This isn’t really the way modern computational fluid solvers work. Tracing each individual particle and its intermolecular coupling forces directly is computationally prohibitive for even the smallest practical system; what you describe is only useful for developing and validating continuum or discrete approximation models. There are also dramatic differences between computational fluid analysis and protein folding behavior. Although a fluid system is complicated and may have many different regimes, the equations to accurate simulate behavior on a practical level are actually fairly simple and, for the most part, readily linearized (or at least can be approximated as linear equations with straightforward adjustments). Proteins, however, are highly complicated in that a small change to the position and orientation of one part of the protein can cause a dramatic change in the forces on a different area of the protein. Modeling the behavior means that you have to calculate these effects, which then propagate to other self-interactions in the protein chain, et cetera, including the original locus of action. Protein behavior models, then, are closer in complexity to the self-interacting charged plasma codes used in magnetic confinement fusion, and the difficulty of accurately simulating and controlling such interactions is similar (and well beyond current capability). The interactions are highly non-linear and perturbative, and require far more complex mathematical simulation than relatively straightforward (if computationally intensive) matrix algebra and a bit of linear calculus.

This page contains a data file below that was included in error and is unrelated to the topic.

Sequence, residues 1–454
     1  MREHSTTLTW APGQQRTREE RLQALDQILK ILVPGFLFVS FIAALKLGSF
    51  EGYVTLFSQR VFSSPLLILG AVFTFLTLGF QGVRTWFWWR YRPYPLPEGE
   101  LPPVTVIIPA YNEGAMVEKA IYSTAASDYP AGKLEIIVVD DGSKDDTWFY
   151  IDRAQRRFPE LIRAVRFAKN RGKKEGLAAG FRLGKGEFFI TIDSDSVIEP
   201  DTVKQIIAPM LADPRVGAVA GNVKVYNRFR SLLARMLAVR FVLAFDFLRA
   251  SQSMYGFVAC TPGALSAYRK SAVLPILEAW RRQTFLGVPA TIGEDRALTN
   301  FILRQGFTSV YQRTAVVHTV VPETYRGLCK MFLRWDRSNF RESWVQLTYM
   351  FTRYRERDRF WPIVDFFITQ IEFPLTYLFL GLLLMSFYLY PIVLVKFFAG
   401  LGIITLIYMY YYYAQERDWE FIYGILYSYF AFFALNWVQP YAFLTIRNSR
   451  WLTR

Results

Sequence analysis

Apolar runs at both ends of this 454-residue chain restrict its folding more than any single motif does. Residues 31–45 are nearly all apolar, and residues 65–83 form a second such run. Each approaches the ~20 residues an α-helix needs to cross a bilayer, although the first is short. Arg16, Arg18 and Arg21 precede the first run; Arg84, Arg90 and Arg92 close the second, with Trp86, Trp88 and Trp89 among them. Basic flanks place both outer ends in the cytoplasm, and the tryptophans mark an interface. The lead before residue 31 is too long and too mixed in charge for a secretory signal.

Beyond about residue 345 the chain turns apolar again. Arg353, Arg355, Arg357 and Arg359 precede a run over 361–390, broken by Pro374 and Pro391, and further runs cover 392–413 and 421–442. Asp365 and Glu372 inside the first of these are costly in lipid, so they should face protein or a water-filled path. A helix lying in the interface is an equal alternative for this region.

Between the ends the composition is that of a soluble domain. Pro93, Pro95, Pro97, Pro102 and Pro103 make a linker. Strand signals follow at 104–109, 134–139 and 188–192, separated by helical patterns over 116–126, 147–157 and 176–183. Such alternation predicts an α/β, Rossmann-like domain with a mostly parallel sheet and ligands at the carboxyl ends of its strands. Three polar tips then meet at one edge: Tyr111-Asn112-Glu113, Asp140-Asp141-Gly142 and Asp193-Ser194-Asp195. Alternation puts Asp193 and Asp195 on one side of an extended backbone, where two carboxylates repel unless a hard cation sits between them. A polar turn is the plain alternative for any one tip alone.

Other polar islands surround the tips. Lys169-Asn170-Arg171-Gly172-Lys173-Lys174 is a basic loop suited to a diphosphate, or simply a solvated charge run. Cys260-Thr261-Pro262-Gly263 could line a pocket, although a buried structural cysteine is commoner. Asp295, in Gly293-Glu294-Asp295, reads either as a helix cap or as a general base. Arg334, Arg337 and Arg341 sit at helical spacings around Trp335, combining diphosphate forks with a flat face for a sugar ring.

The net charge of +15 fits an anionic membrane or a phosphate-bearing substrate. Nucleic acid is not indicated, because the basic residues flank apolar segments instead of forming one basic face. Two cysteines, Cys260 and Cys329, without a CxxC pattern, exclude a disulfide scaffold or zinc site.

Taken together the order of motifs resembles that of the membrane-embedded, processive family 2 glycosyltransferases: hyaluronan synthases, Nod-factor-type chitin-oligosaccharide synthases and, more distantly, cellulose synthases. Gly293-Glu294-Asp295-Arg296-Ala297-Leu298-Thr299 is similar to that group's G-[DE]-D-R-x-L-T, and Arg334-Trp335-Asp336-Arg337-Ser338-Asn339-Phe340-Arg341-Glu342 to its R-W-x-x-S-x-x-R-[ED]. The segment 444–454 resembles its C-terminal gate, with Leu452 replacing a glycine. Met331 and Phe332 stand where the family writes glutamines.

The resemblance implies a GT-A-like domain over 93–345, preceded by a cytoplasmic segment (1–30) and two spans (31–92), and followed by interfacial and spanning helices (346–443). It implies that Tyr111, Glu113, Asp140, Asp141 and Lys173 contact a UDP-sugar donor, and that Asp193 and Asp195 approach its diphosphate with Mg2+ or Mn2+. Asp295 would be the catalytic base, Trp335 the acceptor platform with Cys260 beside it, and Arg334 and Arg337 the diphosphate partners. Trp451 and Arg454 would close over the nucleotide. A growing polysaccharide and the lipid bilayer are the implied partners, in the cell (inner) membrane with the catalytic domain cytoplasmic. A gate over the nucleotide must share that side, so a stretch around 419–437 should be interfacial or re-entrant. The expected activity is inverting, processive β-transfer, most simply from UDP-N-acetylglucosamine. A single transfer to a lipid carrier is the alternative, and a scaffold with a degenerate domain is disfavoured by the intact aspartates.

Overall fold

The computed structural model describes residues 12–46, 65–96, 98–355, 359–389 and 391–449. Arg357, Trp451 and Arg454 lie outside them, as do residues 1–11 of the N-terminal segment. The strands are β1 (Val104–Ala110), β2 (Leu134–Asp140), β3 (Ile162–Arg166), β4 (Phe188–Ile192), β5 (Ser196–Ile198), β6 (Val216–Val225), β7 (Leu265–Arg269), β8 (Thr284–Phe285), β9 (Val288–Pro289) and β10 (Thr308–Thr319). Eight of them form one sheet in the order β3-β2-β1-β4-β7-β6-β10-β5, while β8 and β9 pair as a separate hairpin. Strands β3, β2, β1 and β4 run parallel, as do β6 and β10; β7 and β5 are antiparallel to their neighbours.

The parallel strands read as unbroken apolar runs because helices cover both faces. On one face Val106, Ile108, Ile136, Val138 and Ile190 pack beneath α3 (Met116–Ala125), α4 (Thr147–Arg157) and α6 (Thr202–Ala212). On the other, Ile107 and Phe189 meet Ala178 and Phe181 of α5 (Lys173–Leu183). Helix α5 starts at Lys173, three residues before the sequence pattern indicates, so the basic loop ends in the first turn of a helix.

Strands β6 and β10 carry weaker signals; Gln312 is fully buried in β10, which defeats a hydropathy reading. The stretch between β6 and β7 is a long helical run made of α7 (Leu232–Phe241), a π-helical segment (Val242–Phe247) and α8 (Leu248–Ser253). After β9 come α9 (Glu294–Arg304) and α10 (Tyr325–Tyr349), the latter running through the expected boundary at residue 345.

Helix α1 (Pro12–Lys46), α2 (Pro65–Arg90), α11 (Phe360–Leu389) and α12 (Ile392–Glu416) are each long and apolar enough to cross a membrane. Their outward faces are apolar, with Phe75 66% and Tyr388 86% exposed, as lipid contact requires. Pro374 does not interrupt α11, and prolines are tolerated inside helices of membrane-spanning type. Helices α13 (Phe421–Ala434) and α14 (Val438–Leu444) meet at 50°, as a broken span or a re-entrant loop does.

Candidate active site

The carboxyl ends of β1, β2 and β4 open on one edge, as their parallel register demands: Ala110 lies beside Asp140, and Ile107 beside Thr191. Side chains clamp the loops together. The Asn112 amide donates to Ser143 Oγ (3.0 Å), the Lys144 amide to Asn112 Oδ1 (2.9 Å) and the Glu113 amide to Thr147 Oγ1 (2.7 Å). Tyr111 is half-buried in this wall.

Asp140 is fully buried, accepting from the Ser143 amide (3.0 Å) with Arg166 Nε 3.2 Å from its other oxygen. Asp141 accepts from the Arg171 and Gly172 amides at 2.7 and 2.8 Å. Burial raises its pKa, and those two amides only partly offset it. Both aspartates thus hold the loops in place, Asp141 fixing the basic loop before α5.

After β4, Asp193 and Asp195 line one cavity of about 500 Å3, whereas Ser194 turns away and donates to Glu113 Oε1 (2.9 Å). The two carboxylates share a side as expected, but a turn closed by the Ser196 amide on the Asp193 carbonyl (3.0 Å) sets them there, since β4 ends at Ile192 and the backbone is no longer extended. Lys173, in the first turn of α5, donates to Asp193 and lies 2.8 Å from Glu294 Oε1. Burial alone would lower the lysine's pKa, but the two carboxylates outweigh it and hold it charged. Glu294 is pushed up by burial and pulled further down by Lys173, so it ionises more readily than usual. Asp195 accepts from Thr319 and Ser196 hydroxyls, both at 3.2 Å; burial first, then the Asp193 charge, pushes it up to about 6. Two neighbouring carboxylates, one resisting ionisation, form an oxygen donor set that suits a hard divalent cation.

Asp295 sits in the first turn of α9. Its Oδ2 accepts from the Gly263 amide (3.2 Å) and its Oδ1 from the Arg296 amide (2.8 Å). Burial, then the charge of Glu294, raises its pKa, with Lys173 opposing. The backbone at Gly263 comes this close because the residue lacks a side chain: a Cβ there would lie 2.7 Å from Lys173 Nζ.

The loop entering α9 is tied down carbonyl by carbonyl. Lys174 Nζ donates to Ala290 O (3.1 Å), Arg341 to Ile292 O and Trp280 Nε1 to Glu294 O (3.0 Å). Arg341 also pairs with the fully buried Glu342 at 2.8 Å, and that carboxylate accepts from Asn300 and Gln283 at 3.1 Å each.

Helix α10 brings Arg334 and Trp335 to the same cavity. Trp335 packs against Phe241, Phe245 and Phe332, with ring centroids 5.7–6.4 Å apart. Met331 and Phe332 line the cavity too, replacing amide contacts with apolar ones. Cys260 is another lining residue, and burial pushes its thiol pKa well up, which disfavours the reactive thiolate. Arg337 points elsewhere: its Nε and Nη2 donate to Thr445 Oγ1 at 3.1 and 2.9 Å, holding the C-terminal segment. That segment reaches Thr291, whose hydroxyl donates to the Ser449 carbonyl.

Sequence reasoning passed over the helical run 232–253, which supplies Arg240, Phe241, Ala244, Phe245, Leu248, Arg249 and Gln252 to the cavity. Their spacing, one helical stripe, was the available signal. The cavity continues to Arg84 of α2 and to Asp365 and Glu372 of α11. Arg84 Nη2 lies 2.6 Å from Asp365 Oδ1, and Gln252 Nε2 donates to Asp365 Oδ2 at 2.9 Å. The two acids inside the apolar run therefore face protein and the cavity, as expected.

As an analogy, computational fluids analysis (or structural stress and thermal analysis) is like a length of string with a lot of knots in it; it might take you a long time to untangle the individual knots, but for the most part each knot can be discretized into its own individual problem. Protein folding, however, is like a big, tangled ball of string in which you can’t find the ends, and every time you untangle one bundle of it you find you’ve made a tangle worse somewhere else. It is an extremely tough problem to which we don’t even have a good avenue toward an exact solution; only successively better rough approximations to the problem.

Stranger